A Tank Away | Barre, Vt.

Between the rocks and an artistic place

Chris Jeffrey makes and sells stained-glass art at Studio Place Arts. Chris Jeffrey makes and sells stained-glass art at Studio Place Arts. (Kathy Shorr for The Boston Globe)
By Kathy Shorr
Globe Correspondent / March 31, 2010

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With a population just shy of 9,000, Barre is no metropolis. But its business history as national center of the granite industry, combined with an influx of young entrepreneurs opening small businesses, gives it an oddly urban feel. And with its mix of charming B&Bs, plentiful artisanal foods, outdoor activities, and unique shopping, Barre stands out as a weekend destination option.

Climb the hill at the east end of downtown to the Maplecroft Bed and Breakfast (70 Washington St.,, 802-477-5050, $90-$160). The 1887 Victorian’s new owners renovated this year. Along with new paint, wallpaper, and furnishings, they’ve added and upgraded bathrooms, and outfitted a professional kitchen, where they turn out a full breakfast made with local products. A five-minute drive from downtown, where East Barre and Websterville meet, you’ll find Millstone Hill (59 Little John Road,, 802-479-1000, $40-$250). Owner Pierre Couture has fashioned two restored 19th-century barns into an assortment of lodgings that range from rustic camp style to romantic getaway. You can rent a single room or an entire building, and all have kitchen facilities.

You can get Vermont artisan coffee and fresh pastries at Espresso Bueno (136 North Main St., 802-479-0896, $1.25-$2.50). The barista expertise, pumpkin-colored walls, savory scones, and comfy chairs make it inviting. Best deal in town for eat-in or take-out has got to be the Farm Fresh Market & Cafe at LACE, which stands for Local Agricultural Community Exchange (159 North Main St.,, 802- 476-4276, menu items 55 cents to $7.95). Try an omelet made from local eggs and cheese, grass-fed, pasture-raised burger, or a “bottomless’’ bowl of soup, and know you’re supporting local farmers. Barre’s had a run of recent restaurant closings, but one piece of good news is Lucia’s Italian Restaurant and Bar, which opened last year (276 North Main St., 802-476-7722, pastas $9-$16.50, other entrees $15-$22). Think home-style southern Italian: baked manicotti, a mesclun salad, Red Hen organic bread, and homemade desserts.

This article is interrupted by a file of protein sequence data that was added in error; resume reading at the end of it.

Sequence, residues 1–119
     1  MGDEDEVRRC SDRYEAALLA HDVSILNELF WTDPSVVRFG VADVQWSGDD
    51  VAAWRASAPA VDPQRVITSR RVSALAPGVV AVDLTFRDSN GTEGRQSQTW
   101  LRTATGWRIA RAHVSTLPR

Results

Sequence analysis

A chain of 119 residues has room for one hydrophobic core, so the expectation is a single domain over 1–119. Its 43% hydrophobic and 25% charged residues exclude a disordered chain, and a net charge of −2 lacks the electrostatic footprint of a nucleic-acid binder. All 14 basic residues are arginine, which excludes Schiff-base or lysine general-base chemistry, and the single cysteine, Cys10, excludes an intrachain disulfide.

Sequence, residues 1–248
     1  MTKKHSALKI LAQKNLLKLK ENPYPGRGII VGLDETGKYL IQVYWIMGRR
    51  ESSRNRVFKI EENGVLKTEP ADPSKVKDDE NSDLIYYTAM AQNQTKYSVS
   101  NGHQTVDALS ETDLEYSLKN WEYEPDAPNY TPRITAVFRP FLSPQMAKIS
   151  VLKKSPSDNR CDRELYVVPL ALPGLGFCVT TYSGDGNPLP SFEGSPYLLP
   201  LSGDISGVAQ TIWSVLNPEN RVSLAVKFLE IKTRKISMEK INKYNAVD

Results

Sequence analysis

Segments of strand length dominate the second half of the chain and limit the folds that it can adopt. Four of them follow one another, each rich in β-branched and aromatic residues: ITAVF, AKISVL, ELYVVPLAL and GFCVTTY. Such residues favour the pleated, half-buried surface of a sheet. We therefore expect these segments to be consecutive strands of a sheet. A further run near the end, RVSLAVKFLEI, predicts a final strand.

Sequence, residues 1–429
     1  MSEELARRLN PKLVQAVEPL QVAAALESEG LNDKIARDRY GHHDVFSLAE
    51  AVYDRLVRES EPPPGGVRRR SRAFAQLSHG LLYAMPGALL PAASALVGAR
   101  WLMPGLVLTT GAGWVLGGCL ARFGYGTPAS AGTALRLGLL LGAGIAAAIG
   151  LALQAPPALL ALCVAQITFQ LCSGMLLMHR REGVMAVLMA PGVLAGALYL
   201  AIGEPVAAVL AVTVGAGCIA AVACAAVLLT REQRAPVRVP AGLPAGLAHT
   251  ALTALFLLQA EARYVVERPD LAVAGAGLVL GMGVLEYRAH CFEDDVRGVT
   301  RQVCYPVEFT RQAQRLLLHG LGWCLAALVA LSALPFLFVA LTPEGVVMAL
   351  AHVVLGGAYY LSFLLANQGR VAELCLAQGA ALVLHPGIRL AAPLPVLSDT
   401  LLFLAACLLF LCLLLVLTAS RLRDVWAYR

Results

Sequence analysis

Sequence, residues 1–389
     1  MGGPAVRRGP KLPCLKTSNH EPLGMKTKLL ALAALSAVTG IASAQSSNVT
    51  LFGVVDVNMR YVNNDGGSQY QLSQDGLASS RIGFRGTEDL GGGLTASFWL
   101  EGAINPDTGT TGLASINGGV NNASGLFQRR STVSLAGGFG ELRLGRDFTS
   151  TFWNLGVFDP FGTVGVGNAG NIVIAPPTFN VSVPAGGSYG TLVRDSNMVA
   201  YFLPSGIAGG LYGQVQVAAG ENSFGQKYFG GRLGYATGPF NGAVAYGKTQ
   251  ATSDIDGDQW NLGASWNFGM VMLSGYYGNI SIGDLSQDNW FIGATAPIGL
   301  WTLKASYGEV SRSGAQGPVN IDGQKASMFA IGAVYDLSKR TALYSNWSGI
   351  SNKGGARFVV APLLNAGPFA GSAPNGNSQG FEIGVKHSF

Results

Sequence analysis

During the day
The Millstone Hill Touring and Recreation Center (34 Church Hill Road, Websterville,, 802-479-1000, day pass April 1-Oct. 31 $2-$8, children under age 7 free) has over 70 miles of trails and is off limits to anything with a motor. Skiing is pretty much over by late March, but the trails will soon be ready for hiking and biking the abandoned rail beds and old quarry roads. If the weather’s so-so, you can still check out the center, a former general store which now is home to several vendors selling local foods, crafts, and artwork, and exhibits on the area’s rich granite mining industry. Studio Place Arts (201 North Main St.,, 802-479-7069, free admission) turns 10 this year. It’s a sprawling community arts center, housed in a three-story historic brick building. Inside you’ll find a vibrant enterprise, with galleries, classes, workshops, and studios for working artists. Several, like stained-glass maker Chris Jeffrey, are happy to have people stop in and watch them work. East Barre Antique Mall (133 Mill St., East Barre, 802-479-5190, free admission) is a local institution, near the intersection of Routes 302 and 110. Hundreds of vendors and consignors display their goods over three full floors and 12,000 square feet. The biggest bargains are often in the basement, so if you see something you like, make an offer. Head directly across the street and browse the Vermont Flannel Co. store (128 Mill St., East Barre, 802-476-5226, The workroom, on the same property, is where they fashion bolts of plush, thick flannel into shirts, pants, nightshirts, and accessories.

After dark
Barre Opera House (6 North Main St.,, 802-476-8188, $5-$60) was built in 1899 and shut down in the 1940s for decades. It has come back to glorious life, offering everything from big-name popular music performers to opera productions to local folk musicians. Paramount Twin Cinema (241 North Main St,, 802-229-0343, $6-$8) has been in the same spot since the 1920s, and shows first-run movies on two screens. Mulligan’s Irish Pub (9 Maple Ave., 802-479-5545, $6-$13 food, $3-$5 beers) stocks lots of local Vermont beers and offers as many sporting events as you can watch on 10 high-def screens, along with occasional music nights. Gusto’s (28 Prospect St., 802-476-7919, $4-$9 appetizers, $6-$15 entrees, $5 cover for live music nights) brings rock bands from around New England on weekends. Come the end of April, they set up outdoor fire pits and bring out the horseshoes and basketball.

Kathy Shorr can be reached at